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By MacDonald Dzirutwe
HARARE, June 21 (Reuters) - Zimbabwe’s economy will grow four times faster in 2017 than last year, largely thanks to a bumper maize harvest, though fiscal imbalances continue to fuel a financial crisis, the World Bank said on Wednesday.
Growth was set to rebound to 2.7 percent from 0.7 percent in 2016, the World Bank said in an update on the economy. But it warned that underlying problems would bring that rate below the 1 percent mark again in 2018/19.
“While a good harvest is projected to boost GDP in 2017, sustaining robust long-term growth will require addressing underlying fiscal and financial sector imbalance,” the bank said.
The central government’s fiscal cash deficit widened to 10 percent of GDP in 2016, up from 2.3 percent the previous year, the bank said.
“The deficit was largely financed from domestic financial markets as external arrears prevented Zimbabwe from gaining access to international capital markets. Cash shortages followed, financing for imports dried up, and the current account deficit narrowed dramatically.”
Zimbabwe has struggled to feed itself since 2001 - a plight largely blamed on frequent droughts and President Robert Mugabe’s seizures of white-owned farms, which hit commercial agriculture production and dented economic growth.
The World Bank said Zimbabwe was weighed down by high levels of public spending - amounting to roughly 50 percent of gross domestic product.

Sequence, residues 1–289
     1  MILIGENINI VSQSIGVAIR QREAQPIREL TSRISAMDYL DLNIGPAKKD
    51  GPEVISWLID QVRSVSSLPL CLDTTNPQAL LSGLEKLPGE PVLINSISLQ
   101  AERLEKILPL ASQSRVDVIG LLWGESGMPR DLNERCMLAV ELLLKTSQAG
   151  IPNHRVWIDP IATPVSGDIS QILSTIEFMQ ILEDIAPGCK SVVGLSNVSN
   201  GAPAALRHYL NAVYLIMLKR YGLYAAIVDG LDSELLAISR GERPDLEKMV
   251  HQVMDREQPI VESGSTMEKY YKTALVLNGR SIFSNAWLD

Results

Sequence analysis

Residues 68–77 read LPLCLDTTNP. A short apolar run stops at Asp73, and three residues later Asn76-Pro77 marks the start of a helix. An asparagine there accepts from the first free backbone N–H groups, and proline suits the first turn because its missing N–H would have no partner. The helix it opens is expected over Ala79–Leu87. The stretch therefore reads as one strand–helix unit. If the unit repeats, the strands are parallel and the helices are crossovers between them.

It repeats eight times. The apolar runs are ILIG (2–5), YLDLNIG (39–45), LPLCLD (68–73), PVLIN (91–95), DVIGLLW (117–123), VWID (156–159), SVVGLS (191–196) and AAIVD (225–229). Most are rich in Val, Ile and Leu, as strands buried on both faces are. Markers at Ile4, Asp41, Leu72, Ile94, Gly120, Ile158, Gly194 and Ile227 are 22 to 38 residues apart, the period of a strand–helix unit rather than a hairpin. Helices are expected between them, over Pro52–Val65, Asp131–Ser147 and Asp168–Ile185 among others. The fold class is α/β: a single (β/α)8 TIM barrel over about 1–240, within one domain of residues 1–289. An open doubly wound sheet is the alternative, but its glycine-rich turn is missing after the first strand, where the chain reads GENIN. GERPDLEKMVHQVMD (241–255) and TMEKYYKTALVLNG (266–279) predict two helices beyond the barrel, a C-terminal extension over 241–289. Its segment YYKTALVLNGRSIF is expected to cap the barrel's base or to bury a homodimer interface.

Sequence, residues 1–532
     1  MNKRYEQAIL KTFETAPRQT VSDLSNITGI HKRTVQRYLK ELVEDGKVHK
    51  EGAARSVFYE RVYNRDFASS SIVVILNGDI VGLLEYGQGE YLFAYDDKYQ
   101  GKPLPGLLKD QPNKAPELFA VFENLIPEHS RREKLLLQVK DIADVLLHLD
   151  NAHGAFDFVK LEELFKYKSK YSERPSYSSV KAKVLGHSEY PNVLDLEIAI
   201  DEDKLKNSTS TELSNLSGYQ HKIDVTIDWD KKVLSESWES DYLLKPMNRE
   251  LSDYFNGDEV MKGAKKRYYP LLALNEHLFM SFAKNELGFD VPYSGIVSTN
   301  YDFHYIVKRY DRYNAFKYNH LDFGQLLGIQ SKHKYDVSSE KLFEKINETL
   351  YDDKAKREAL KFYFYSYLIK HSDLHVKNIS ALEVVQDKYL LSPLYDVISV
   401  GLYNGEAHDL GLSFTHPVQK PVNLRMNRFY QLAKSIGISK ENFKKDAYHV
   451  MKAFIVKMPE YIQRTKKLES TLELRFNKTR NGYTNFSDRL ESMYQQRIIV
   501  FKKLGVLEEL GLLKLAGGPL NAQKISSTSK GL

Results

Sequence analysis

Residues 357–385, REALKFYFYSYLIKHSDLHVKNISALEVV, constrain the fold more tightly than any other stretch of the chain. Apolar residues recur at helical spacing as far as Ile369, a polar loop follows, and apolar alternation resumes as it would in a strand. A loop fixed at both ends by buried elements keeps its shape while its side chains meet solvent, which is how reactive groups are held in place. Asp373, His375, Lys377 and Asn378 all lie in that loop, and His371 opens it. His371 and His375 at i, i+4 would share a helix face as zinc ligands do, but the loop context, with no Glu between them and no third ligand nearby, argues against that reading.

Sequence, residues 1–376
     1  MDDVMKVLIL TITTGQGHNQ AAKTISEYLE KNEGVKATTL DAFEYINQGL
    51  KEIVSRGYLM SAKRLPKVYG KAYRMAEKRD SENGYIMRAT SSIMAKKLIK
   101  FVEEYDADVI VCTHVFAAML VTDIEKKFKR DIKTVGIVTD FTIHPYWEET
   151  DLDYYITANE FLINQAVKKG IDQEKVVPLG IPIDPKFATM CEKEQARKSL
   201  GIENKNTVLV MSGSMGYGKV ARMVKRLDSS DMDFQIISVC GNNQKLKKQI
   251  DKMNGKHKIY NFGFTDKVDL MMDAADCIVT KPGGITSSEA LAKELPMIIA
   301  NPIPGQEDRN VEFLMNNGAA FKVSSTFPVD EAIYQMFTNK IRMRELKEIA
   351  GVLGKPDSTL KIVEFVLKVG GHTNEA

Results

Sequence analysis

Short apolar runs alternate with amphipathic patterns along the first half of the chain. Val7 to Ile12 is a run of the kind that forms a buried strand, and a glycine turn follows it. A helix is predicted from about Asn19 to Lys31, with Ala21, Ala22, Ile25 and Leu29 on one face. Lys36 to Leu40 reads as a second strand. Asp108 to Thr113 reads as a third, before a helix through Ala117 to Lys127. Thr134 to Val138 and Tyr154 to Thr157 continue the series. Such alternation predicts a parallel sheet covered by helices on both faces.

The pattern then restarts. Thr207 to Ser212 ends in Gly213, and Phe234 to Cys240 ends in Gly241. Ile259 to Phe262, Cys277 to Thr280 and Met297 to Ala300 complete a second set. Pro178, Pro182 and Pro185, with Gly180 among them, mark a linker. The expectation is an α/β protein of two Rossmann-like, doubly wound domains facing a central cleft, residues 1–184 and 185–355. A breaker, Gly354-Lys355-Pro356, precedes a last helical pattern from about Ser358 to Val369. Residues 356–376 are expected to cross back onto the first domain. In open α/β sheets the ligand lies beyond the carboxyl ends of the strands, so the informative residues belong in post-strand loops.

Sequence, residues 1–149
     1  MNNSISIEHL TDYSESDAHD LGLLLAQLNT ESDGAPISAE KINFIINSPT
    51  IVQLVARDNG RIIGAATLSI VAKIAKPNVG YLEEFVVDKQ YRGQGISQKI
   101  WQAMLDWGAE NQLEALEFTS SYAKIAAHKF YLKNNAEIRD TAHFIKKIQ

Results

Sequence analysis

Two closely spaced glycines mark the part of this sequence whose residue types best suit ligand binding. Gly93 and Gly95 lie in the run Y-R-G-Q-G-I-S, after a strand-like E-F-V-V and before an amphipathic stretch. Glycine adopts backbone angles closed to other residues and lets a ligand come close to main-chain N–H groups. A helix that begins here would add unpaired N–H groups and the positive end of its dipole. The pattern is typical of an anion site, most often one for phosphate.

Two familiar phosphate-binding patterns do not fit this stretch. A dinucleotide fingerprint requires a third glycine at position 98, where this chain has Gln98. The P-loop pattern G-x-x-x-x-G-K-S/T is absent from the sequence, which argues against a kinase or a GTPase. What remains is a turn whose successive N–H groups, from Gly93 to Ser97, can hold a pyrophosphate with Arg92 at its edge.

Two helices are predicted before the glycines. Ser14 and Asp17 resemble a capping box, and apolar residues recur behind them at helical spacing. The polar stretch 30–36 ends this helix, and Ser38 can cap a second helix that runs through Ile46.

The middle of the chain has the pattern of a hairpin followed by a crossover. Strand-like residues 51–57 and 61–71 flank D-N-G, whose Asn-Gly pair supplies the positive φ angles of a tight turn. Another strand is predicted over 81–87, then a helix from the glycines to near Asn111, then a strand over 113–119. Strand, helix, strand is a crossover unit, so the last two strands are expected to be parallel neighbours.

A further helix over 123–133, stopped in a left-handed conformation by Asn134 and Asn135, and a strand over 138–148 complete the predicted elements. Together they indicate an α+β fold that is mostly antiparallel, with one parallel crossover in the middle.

Harare’s total debt stock would continue to grow, the bank added, putting pressure on Mugabe’s government to stick to commitments to bring down fiscal deficits ahead of national elections in 2018.
The bank also said it saw 3.2 percent annual inflation rate for 2017 followed by a sharp acceleration to 9.6 percent at the end of 2018.
Ninety-three year-old Mugabe’s four decade rule has been dogged by soaring consumer price growth and deep funding shortages since international institutions stopped lending to it in 1999. Zimbabwe owes more than $7 billion in arrears to foreign lenders.
Responding to the report, the country’s Finance Minister Patrick Chinamasa said Harare was on track to woo back lenders by proving government’s commitment to cut spending and speed up repayments on loans.
“We remain committed to the reengagement exercise (with foreign lenders) but the process has remained painfully slow. As government we remain committed to re-engage the World Bank, the International Monetary Fund and African Development Bank,” said Chinamasa. (Writing by Mfuneko Toyana; Editing by Ed Cropley and Andrew Heavens)